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4370 - Spence v. Wingate

THE STATE OF SOUTH CAROLINA
In the Court of Appeals


Deborah W. Spence, Individually, and on behalf of the Estate of Floyd W. Spence, Appellant,

v.

Kenneth B. Wingate, Sweeny Wingate & Barrow, P.A., Respondents,


Appeal From Richland County
 G. Thomas Cooper, Jr., Circuit Court Judge


Opinion No. 4370
Heard September 11, 2007 – Filed April 17, 2008


AFFIRMED


A. Camden Lewis and Brady R. Thomas, both of Columbia, for Appellant.

Pope D. Johnson, III, of Columbia, for Respondents.

THOMAS, J.:  This is a legal malpractice action.  The trial judge granted partial summary judgment to Respondents Kenneth B. Wingate and his law firm, Sweeney Wingate & Barrow, finding they did not owe a fiduciary duty to Deborah Spence (Wife) concerning her late husband’s life insurance policy.  Wife appeals.  We affirm.

FACTS

Viewing the record in the light most favorable to Wife, we find the following:  On August 13, 2001, Wingate commenced legal representation of Wife.  The purpose of the representation was to negotiate an agreement on Wife’s behalf with the four sons of her husband, Congressman Floyd W. Spence, concerning the division of Spence’s probate estate.  Wife and Spence’s sons entered into such an agreement on August 15, 2001.  During the course of Wingate’s representation of Wife, Wife also consulted with him about her husband’s Federal Group Life Insurance Policy and informed him Spence had named her as beneficiary.  On August 16, 2001, Spence died.  Either in mid-August or early September, Wingate became the attorney for Spence’s estate. 

In 1988, Spence had named each of his four sons and Wife as equal beneficiaries under the life insurance policy.  Shortly before his death, however, Spence attempted to make Wife the sole beneficiary of the policy.  After Spence died, the Members Services Office of the United States House of Representatives determined the proceeds of the policy should be divided equally among Wife and the four sons and made payment accordingly. 

Wife brought this action against Respondents, alleging negligence, professional negligence, breach of fiduciary duty, and civil conspiracy.  After Respondents answered, they moved for partial summary judgment, claiming they were not liable to Wife or Spence’s estate in connection with Spence’s congressional life insurance policy.  Following a hearing, the trial judge granted partial summary judgment to Respondents, holding that “[b]y statute, [Respondent] owed no duty or obligation to [Wife] with respect to the congressional life insurance police or the manner in which it was paid.”  This appeal followed.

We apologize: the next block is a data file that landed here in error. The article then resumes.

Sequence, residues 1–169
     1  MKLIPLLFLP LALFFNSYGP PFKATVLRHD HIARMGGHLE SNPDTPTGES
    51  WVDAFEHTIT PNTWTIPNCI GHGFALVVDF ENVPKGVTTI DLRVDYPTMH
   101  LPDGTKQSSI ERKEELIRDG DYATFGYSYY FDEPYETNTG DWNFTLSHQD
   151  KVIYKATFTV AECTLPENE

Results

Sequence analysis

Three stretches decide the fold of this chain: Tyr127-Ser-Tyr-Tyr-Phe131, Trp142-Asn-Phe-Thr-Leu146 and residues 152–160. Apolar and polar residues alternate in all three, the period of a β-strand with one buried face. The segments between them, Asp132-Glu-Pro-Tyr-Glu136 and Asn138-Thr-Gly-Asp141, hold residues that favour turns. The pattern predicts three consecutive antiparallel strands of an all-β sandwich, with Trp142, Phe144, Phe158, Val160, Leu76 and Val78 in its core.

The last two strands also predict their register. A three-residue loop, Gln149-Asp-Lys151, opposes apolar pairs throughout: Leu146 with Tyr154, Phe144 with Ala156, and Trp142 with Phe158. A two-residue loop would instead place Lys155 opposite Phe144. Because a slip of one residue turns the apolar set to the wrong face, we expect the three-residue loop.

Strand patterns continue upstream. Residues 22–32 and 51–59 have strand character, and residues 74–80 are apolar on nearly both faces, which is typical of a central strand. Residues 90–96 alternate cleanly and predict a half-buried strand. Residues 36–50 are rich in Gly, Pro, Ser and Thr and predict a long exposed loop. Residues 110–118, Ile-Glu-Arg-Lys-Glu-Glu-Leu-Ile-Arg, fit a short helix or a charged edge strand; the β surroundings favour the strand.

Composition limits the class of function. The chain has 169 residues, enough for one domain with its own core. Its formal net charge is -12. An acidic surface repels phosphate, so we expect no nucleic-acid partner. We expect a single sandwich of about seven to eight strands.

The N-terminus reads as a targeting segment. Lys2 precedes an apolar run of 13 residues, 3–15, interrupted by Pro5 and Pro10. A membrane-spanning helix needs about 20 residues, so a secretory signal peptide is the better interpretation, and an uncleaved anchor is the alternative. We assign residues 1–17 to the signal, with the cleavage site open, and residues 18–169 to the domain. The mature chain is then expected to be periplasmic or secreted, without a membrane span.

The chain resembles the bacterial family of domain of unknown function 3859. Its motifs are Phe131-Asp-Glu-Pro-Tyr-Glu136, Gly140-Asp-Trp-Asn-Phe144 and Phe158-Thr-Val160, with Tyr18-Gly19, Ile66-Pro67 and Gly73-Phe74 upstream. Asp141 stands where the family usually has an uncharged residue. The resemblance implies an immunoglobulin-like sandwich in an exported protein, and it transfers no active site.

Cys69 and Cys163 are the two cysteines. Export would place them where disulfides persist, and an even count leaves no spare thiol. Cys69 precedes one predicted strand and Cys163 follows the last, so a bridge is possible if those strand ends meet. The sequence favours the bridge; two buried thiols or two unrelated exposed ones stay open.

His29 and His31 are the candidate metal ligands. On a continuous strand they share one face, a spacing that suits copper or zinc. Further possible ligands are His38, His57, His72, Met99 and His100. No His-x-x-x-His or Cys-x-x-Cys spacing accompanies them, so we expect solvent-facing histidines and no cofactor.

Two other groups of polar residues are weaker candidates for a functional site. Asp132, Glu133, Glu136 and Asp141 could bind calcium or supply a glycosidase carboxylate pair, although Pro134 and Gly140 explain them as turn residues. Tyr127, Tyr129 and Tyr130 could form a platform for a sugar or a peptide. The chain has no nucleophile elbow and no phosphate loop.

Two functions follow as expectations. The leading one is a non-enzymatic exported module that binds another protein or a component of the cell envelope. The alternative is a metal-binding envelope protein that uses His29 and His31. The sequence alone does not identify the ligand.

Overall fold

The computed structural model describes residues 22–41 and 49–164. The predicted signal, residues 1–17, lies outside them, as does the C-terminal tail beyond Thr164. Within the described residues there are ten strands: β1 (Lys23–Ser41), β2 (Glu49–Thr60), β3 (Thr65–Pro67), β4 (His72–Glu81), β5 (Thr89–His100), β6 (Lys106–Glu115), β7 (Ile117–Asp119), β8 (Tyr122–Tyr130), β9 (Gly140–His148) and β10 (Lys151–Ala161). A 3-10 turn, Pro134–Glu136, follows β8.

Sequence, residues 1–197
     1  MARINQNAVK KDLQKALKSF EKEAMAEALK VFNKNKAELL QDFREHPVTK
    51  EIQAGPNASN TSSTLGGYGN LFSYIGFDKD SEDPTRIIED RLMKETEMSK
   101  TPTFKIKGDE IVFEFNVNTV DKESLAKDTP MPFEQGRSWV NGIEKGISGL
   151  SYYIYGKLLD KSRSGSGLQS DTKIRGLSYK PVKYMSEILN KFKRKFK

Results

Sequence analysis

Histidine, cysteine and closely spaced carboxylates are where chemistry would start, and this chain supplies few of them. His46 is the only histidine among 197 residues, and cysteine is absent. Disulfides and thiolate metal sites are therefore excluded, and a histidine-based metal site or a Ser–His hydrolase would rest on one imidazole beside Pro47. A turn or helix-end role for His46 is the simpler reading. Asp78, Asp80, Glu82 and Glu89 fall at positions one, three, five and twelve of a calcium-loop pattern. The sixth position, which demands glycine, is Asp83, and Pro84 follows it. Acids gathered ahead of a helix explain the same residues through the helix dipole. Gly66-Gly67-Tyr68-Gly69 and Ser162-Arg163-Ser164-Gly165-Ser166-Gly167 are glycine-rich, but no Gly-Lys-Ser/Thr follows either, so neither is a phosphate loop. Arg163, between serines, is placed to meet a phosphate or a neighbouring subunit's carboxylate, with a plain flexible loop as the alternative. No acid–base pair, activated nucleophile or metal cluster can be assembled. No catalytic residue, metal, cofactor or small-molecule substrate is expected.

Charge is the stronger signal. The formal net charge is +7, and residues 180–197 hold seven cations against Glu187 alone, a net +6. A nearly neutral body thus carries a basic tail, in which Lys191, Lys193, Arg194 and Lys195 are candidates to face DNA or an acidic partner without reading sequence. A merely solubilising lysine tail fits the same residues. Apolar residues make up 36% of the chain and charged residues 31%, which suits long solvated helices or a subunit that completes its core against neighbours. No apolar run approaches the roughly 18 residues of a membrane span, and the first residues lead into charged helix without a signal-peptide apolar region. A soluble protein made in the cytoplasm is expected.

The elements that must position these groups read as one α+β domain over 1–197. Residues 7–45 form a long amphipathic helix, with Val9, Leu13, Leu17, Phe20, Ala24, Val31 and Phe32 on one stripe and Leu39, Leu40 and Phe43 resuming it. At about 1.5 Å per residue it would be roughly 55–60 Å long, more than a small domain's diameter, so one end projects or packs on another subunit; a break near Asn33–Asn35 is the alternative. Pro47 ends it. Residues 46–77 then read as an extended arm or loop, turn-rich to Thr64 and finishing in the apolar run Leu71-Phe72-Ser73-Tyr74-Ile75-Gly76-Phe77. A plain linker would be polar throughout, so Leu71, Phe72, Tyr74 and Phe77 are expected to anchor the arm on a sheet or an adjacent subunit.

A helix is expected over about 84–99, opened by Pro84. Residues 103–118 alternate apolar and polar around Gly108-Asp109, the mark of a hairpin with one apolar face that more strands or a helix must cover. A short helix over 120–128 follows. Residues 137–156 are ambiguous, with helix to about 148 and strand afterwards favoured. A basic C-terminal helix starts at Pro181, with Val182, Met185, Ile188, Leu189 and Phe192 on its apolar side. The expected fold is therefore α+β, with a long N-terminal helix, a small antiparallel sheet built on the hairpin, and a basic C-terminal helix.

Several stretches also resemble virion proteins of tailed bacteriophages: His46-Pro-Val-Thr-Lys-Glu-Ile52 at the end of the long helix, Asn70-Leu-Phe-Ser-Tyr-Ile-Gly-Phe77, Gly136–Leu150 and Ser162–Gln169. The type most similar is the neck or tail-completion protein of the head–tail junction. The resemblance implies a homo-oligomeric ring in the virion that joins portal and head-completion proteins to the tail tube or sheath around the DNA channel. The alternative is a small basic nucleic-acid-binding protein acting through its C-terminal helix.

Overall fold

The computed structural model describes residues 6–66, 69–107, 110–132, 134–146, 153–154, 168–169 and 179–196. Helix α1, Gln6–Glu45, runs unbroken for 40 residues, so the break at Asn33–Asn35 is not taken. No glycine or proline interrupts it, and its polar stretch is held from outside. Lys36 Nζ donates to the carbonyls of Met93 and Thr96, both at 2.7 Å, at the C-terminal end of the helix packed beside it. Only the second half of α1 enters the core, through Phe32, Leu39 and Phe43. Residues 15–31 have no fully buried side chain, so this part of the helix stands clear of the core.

STANDARD OF REVIEW

In reviewing a grant of summary judgment, the appellate court uses the same standard that governs the trial court under Rule 56(c), SCRCP.  Nexsen v. Haddock, 353 S.C. 74, 77, 576 S.E.2d 183, 185 (Ct. App. 2002).  Summary judgment should be granted when “the pleadings, depositions, answers to interrogatories, and admissions on file, together with the affidavits, if any, show that there is no genuine issue as to any material fact and that the moving party is entitled to a judgment as a matter of law.”  Rule 56(c), SCRCP.  Nevertheless, “[a]n issue is not preserved where the trial court does not explicitly rule on an argument and the appellant does not make a Rule 59(e) motion to alter or amend the judgment.”  Jones v. State Farm Mut. Auto. Ins. Co., 364 S.C. 222, 235, 612 S.E.2d 719, 726 (Ct. App. 2005); see also Pye v. Estate of Fox, 369 S.C. 555, 565, 633 S.E.2d 505, 510 (2006) (“Generally, an issue must be raised to and ruled upon by the circuit court to be preserved.”).

LAW/ANALYSIS

On appeal, Wife argues a genuine issue of material fact exists as to whether Respondents breached a fiduciary duty owed to her arising from Wingate’s earlier representation of her in a related matter.  Respondents contend this argument is not preserved for review because the trial judge did not explicitly rule on this argument and Wife did not move to alter or amend the appealed order on that ground.  In her reply brief, Wife maintains no motion to alter or amend was necessary because the sole argument she advanced as the basis for the existence of a fiduciary duty was Respondents’ prior legal representation of her.